Ropes And Lines In Sailing

Here in this article we will try to shed light on the terms - ropes and lines in sailing, which are commonly used by sailors. Sailing involves a lot of ropes, as you will learn in any sailing school. Over the centuries, there have been huge variations in the number and use of sailing ropes and lines. Read on to know more.

In most cases, ropes in sailing are used only for raw material. After a part of rope is selected for a specific purpose on a vessel, it usually is known a line. Lines in sailing are generally outhaul line or dock line. A very thick line is refereed to as a cable. Lines that are connected to sails to control their shapes are called sheets. Ropes in sailing, if made of wire, it is known by the name 'wire rope'.

Lines in sailing are generally steel cables. Their main role is to support stationary masts. These lines are collectively called a vessel's standing rigging and separately as shrouds or stays. The stay that runs forward from a mast to the bow is called the forestay or head stay.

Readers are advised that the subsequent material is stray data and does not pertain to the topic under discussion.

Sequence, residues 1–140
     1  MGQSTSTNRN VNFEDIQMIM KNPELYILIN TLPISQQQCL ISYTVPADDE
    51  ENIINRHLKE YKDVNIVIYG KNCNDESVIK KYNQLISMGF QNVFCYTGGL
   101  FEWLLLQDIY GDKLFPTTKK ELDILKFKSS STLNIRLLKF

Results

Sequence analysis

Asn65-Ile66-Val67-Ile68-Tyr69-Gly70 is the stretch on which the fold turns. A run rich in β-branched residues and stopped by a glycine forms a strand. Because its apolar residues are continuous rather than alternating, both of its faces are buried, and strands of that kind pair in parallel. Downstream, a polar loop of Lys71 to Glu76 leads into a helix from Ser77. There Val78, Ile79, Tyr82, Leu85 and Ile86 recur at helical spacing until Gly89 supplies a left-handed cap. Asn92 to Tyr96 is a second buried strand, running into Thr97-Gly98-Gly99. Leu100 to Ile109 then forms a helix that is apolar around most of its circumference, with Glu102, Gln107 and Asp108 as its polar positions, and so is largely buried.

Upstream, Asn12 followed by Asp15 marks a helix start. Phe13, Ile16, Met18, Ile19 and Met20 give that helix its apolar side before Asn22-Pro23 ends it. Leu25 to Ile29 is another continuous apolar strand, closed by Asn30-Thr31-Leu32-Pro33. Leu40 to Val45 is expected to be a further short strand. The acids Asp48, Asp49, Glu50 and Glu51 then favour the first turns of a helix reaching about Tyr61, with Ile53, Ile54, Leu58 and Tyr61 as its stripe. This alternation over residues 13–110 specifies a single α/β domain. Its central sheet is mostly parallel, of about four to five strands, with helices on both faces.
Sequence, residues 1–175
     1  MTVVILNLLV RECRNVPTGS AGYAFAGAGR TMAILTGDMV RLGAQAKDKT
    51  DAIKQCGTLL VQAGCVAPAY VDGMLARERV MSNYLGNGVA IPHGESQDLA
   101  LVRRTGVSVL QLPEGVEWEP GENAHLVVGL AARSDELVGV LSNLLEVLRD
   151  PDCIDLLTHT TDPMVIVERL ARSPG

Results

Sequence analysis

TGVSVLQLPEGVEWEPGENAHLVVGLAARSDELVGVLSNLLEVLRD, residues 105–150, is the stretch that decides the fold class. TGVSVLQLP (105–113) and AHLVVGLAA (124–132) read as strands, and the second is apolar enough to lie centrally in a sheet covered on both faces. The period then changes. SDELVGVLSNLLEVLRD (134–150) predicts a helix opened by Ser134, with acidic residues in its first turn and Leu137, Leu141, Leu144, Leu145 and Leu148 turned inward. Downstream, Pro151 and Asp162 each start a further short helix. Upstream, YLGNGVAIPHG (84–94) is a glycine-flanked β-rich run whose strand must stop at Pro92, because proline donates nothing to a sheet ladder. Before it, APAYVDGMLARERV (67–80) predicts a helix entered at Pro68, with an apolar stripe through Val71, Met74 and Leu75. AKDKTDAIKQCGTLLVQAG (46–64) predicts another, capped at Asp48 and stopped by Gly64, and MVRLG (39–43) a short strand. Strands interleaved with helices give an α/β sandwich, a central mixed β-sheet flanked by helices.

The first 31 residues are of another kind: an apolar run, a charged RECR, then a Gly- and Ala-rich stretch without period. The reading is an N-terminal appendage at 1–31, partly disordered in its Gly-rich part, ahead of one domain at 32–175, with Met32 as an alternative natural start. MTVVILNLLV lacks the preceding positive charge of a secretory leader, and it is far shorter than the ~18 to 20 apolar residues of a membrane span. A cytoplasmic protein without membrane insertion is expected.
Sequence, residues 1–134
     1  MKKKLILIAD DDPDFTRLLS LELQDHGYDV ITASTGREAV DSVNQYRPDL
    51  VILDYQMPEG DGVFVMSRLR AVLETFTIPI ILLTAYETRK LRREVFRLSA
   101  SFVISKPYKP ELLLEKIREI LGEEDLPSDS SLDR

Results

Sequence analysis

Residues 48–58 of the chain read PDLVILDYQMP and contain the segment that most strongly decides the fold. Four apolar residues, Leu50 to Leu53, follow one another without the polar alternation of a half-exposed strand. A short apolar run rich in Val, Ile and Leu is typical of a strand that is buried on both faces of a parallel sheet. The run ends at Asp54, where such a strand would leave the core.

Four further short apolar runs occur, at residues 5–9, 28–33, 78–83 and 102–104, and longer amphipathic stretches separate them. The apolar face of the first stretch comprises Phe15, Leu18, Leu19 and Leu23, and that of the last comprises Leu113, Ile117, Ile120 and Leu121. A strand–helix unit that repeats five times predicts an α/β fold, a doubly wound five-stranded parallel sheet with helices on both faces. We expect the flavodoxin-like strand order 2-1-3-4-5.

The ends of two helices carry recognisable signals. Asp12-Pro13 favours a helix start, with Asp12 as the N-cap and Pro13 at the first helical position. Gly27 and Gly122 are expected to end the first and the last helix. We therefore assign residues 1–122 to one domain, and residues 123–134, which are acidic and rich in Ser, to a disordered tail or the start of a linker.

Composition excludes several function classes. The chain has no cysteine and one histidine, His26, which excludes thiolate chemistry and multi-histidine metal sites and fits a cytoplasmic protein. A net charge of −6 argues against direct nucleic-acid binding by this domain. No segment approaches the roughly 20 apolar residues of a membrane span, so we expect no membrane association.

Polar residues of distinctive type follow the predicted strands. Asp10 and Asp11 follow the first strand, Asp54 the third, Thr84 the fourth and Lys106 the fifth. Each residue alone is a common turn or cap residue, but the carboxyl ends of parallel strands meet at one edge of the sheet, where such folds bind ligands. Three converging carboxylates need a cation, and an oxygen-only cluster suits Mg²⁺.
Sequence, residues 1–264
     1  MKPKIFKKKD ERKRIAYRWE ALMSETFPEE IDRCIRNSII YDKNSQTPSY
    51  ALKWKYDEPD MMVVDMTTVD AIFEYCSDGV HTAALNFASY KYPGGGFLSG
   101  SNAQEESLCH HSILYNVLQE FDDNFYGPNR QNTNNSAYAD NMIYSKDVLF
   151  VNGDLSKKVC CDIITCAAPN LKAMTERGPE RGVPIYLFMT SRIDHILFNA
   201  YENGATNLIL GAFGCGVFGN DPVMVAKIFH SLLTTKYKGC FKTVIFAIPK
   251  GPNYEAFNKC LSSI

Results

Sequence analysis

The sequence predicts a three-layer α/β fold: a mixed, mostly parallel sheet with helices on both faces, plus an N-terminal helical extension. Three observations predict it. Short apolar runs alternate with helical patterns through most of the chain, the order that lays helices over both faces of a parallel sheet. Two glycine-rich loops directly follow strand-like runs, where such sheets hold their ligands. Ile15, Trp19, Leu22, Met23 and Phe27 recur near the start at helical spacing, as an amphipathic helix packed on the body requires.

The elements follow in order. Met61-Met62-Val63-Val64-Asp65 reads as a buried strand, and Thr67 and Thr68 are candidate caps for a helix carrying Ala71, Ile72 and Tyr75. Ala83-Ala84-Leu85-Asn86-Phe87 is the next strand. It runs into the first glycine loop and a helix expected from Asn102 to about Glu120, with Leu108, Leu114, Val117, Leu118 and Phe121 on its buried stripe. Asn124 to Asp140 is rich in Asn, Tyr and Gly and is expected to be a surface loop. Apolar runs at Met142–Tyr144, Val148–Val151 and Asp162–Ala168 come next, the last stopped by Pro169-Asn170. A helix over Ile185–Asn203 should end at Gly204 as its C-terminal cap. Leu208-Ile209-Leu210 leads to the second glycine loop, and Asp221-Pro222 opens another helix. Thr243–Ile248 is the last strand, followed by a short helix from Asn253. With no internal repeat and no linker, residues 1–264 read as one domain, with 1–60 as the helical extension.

Moveable lines in sailing which control sails or other equipment are known jointly as a vessel's running rigging. Halyards lines raise sails while those that strike them are called downhauls or cunninghams. Sheets are those lines in sailing that adjust or trim the sails. Sail trim may also be restricted by smaller lines attached to the forward section of a boom. Lines used to fasten a boat up when alongside a dock are called dock lines. In dinghies the single line from the bow is called the painter.

Some lines in sailing are also referred to as ropes. For instance, a bell rope which is used to ring the bell. Likewise, a bolt rope attached to the edge of a sail for giving extra strength. The foot rope is used on old square riggers for the sailors to stand on while reefing or furling the sails. Lastly, the tiller rope is used to temporarily hold the tiller and keep the boat on course. A rode, which may be chain, rope, or a combination of the ropes and lines in sailing, keeps an anchor attached to the boat when the anchor is in use.

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